speakout Tue 16-Jan-18 07:20:23


HuskyMcClusky Tue 16-Jan-18 07:20:28


I wouldn’t let children blow large amounts of cash on something that’s such poor value for money, even if the money was a gift.

I get that we’re in the minority, but I’m 100% on-board with your thinking.

And I don't think they're mature enough to reflect on what they've done when they inevitably regret it.

I agree. I suspect this probably doesn’t come until they’re old enough to earn money themselves.

UniversityAlreadyQuestionMark Tue 16-Jan-18 07:28:39

YANBU. Similar argument ongoing in this household!

Etymology23 Tue 16-Jan-18 07:29:33

Also going against the majority but agree with you. I was always counselled against “frittering” - maybe they could have an allowance of part of it (the remainder - as if there weren’t rules for the first half it doesn’t seem fair to impose them retrospectively) for frittering and part for tangible things?

YellowMakesMeSmile Tue 16-Jan-18 07:30:44

YABVU, it's their money so they should be able to spend how they like. How will they learn otherwise about budgetting, effects of splurging etc.

Do they not have regular pocket money? If they only have access twice a year to their own money to spend its not hard to see why they go a little overboard as they don't get much opportunit.

Mine can spend theirs how they like, it was a gift to them and theirs not mine to control. I don't make them save any gift money into their savings account as it was in lieu of a present and not meant to be part of their uni fund etc.

ItsAllABitStrangeReally Tue 16-Jan-18 07:31:18

The government really needs to clamp down on this imo.

50 quid for a game and then constant ads for add ons to make it playable.......even Mario kart are at it ffs. It just puts more pressure on parents and almost encourages kids to gamble. Bloody disgusting.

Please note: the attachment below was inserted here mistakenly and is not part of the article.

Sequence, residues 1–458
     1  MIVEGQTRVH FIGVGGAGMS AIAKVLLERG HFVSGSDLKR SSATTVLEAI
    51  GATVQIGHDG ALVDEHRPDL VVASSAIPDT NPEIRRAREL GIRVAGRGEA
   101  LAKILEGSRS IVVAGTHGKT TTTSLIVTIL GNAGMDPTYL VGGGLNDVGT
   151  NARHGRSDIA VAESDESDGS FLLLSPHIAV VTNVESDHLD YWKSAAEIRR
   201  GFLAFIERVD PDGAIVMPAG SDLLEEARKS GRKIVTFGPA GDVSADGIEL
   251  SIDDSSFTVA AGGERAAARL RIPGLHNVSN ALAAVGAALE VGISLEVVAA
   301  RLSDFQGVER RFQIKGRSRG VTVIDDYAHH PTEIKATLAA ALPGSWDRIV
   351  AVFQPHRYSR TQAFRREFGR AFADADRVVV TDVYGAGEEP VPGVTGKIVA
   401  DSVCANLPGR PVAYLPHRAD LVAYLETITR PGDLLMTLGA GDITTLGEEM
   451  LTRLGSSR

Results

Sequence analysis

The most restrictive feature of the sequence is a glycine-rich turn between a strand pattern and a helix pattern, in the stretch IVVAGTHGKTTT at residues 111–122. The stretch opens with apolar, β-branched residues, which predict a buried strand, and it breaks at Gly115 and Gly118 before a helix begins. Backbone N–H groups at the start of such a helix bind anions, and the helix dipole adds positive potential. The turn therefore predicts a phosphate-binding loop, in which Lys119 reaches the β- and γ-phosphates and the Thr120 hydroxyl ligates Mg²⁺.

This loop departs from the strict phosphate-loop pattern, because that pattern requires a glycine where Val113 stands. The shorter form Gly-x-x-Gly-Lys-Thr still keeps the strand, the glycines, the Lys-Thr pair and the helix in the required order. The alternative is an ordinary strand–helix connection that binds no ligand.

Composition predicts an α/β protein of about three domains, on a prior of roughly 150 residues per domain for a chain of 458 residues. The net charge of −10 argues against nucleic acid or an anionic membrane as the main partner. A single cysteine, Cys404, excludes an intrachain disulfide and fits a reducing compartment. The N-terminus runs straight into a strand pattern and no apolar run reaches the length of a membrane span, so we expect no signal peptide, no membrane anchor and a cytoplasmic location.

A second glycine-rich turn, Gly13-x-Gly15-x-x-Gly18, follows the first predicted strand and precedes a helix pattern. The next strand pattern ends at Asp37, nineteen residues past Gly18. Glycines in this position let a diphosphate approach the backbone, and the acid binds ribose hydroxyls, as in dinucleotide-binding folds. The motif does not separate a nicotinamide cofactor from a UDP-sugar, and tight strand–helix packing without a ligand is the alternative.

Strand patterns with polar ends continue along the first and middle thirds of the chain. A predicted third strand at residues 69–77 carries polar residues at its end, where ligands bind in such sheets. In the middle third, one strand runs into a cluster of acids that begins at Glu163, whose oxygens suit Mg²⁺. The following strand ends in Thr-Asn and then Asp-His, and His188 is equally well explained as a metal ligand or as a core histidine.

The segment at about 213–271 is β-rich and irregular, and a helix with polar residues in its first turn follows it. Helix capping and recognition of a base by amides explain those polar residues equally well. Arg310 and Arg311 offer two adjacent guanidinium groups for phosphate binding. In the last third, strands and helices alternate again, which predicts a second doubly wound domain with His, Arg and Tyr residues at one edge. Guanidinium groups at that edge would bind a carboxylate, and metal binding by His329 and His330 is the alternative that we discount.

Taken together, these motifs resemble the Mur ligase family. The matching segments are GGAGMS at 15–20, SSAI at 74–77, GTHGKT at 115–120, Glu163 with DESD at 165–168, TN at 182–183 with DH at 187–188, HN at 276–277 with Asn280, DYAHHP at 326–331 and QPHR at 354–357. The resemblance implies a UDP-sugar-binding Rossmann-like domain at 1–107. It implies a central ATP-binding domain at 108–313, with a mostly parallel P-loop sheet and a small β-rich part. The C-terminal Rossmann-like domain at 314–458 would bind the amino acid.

LadyLapsang Tue 16-Jan-18 07:32:25

If you are giving money, I don't think it should come with conditions unless they are clearly understood by all concerned, e.g. a substantial amount for a holiday or driving lessons. How much money did you give them?

stickytoffeevodka Tue 16-Jan-18 07:32:44

What's that got to do with the government @ItsAllABitStrangeReally confused

Jaxtellerswife Tue 16-Jan-18 07:35:00

No, I agree with you op.
My stepson is always wanting money for invisible Xbox stuff. Not that he gets it. If they've already used some for Xbox, I'd maybe let them have a little more but then the rest gets used to buy something 'proper'.
Yes it's 'their money' but kids are useless at money and need adults to use a brain that understands to show them how it works.
If they spend it on nothing they won't think
'Oh dear that didn't go far, I'll be sensible next time'
They'll think
'Mum/ Dad/ whoever will give me some if I ask'
Which is totally normal but still annoying

Bekabeech Tue 16-Jan-18 07:35:12

£100 is too much money.
But yes let them blow it in a couple of weeks, and then when they moan say "well you could have had X if you hadn't spent your money on Y".
It is a useful lesson for them to learn, that money doesn't go on trees and when it's gone, it's gone. I might give them some advice first, but ultimately the decision would be theirs.
My DC only got money from relatives, and often most of this was saved in their long term savings. But actually they have had the sense to do this themselves.